Jasmine Frame, the one and only…

I’ve been told a number of times that Jasmine Frame is a unique character, so as a break between posting episodes of Jasmine Frame stories I thought I would examine that assertion and what it means in terms of being transgender.

It is around fourteen years since I created Jasmine Frame as a transsexual detective. I first used her in an unfinished novel which I gave up on. I then used her and a couple of the other characters I had created, Tom Shepherd and DCI Sloane, in a couple of short stories which were published in the Beaumont Magazine.  Then I began writing Painted Ladies and completed the first draft in 2009. Since embarking on the publication of Painted Ladies in 2013 I have written the second novel in the series, Bodies by Design, and the two episodic novella-length prequels, Blueprint and The Switch which were published here.

Painted Ladies cover

I feel pretty close to Jasmine now having lived with her in my head for those fourteen years. I think she has developed as a person while I have filled in her back-story. Although I have the bare outlines of a total of five novels taking her through her full transition I haven’t done what J.K.Rowling says she did with the Potter books i.e. I haven’t plotted out all the stories in detail. This has meant I am stuck with some timings that I put in Painted Ladies which has made the prequels a bit awkward in places.

The surprising thing is that in my fourteen years of writing about a leading character who is trans I have come across few if any similar characters. There have been novels, TV shows and films that have focussed on a trans character (Transamerica and Jimmy McGovern’s “Accused” with Sean Bean as a transvestite, spring to mind) but in all these cases the plot has centred on the trans nature of lead character. I have always seen Jasmine as a detective who happens to be trans. OK, her struggles and dilemmas as she transitions are an important part of her story and to date the crimes she has investigated have been trans related but I still think there is a separation between her life and her work not found in other novels and dramas that feature transgenderism.  I am hoping that if a publisher or a TV company picks up Jasmine Frame then the stories can broaden out into other areas.

While proud of Jasmine’s “unique” status I have been worried about other similar characters emerging. Ideas can’t be copyrighted so anyone could decide to have a trans detective. So far it hasn’t happened but I worry that it might before Jasmine has achieved a place in popular fiction. Perhaps my worry is unnecessary because the trans scene is broad enough to encompass any number of characters – and that is the most important point.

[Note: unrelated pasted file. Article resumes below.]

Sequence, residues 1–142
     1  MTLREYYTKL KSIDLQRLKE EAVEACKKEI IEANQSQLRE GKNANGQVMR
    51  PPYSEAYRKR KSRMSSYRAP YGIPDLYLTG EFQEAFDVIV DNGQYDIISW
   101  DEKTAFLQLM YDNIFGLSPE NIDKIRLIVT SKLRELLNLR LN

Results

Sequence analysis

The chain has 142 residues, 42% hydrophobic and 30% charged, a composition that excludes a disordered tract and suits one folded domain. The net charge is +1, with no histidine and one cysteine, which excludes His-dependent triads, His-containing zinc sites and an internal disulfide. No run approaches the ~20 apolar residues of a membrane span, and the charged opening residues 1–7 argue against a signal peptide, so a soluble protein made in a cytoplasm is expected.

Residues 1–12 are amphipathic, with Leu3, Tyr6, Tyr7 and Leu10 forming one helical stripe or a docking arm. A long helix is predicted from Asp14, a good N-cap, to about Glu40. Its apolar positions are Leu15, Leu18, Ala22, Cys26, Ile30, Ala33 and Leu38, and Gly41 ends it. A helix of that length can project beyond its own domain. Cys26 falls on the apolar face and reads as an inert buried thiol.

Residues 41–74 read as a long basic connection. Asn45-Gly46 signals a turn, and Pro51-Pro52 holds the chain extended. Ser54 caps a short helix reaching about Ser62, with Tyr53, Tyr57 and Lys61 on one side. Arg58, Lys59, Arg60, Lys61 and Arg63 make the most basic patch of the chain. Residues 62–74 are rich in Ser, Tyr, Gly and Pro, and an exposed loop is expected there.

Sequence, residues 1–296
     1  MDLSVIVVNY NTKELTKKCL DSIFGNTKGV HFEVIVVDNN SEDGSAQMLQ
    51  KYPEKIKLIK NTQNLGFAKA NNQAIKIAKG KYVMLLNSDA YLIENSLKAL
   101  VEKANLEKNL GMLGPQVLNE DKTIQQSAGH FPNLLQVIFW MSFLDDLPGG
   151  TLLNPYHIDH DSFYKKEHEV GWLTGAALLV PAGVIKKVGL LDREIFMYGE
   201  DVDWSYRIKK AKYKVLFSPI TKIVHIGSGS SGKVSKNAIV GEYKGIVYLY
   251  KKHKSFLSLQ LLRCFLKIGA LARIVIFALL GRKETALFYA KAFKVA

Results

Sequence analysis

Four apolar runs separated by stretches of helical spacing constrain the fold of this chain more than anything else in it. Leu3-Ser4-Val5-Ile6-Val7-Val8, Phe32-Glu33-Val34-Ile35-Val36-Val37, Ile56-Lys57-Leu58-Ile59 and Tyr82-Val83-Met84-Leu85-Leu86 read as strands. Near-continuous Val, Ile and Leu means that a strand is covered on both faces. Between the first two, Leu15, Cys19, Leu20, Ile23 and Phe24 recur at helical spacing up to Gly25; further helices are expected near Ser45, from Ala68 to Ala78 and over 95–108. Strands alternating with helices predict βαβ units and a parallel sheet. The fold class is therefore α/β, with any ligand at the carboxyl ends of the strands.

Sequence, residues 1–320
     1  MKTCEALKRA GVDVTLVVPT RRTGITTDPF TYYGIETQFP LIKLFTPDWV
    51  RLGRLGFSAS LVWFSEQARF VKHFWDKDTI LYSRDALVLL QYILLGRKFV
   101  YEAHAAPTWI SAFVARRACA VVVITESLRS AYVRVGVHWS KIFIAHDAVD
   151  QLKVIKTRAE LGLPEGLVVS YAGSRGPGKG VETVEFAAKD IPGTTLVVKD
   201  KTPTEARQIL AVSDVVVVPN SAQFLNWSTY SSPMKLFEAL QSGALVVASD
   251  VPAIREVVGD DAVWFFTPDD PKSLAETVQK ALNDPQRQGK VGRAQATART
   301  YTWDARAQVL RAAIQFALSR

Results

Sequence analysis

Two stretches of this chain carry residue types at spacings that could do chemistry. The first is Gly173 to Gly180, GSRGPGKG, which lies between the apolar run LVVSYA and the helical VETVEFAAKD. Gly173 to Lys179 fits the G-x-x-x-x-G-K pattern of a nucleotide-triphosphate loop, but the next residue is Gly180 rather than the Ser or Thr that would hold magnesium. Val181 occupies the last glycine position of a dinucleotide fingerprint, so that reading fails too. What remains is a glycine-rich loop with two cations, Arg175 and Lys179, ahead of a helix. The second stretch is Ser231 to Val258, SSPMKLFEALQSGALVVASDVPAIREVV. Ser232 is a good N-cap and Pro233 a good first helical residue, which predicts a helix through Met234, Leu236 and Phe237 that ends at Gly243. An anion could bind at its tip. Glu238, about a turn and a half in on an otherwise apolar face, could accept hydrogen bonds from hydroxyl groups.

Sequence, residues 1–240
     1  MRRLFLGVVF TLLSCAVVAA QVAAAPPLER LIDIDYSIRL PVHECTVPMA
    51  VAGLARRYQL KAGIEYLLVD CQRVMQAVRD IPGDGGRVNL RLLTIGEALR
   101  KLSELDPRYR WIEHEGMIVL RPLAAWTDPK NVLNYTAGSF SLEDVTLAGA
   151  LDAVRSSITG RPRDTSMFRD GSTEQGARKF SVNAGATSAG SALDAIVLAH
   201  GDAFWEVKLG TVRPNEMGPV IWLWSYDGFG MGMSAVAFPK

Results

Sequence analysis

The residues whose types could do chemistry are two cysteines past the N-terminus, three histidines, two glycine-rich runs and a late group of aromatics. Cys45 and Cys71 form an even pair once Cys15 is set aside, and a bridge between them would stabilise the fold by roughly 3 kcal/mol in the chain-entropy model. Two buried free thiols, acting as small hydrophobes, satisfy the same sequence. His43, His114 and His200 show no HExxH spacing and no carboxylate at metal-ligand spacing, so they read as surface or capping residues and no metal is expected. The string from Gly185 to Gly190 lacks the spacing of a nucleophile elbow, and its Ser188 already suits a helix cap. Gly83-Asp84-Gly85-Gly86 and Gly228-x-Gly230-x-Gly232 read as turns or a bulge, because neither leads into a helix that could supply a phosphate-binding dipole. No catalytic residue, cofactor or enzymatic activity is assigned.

Jasmine Frame is unique not because she is a transsexual detective but because she is an individual. She is not based on any one person that I have met or come across, and she’s not me. She does however have facets of her character that I have gleaned from my experience of the trans scene and she holds some of my views. The more I learn about transgenderism the more I see it fragmenting as everyone’s experience is different. There are common features but everyone who professes themselves to transgender or gender variant or whatever term they want to use, has a degree of uniqueness. As time progresses and society changes in the UK and elsewhere the personal stories change. I am sure that there are more young people (teenagers and pre-teens) who now feel able to express their trans feelings than there were ten or twenty years ago. I would guess that the average age of transition (and gender reassignment surgery) is falling as more opt for it in their early twenties. That is good as it means that people are having to suffer the agonies of being trapped in the wrong externally perceived gender for less time but whether the number opting for gender reassignment in their fifties or sixties will drop, who knows..

What is also changing is the break up of the old division between transsexuals and transvestites. Transsexuals can be pre- or post-op but still qualify for their gender reassignment certificate; some will stop before the completing the medical/surgical process (both MtF and FtM).  For those who claim not to be transsexual there are a huge number of options from the closet dresser and secret lingerie wearers, to those that swap between male and female roles frequently and openly (like me), to those who declare that they have no gender or are third gender or between gender, and others that I have no space to list.


Any of these could (and should) be characters in a story. Jasmine is just one individual who feels and believes that she is a woman but has (at least initially) a male body. She is keen on clothes and looking after her appearance; she has had a loving and sexual relationship with Angela, her (ex-)wife; she is uncertain of her sexuality as she transitions to female but finds herself aroused by male attention; she wants to be feminine (whatever that means – a subject for another blog) but won’t be sidelined by the men in her profession. Her personality has been built by her experiences as a child, teenager, student and trainee police officer and detective, and by the places she has lived in (Southern England). She has likes – running, classic films, spicy food, disco music, short skirts – and dislikes – prejudice, drab clothes, housework, forms, knives. She dives into situations where perhaps a bit of forethought would be a good idea but she has a need to prove herself and be the one to solve a case. She is Jasmine Frame – the one and only.

Painted Ladies: A Jasmine Frame Story is available as a paperback and e-book from all booksellers.

NB The featured image is a mock-up of a cover design for Bodies By Design


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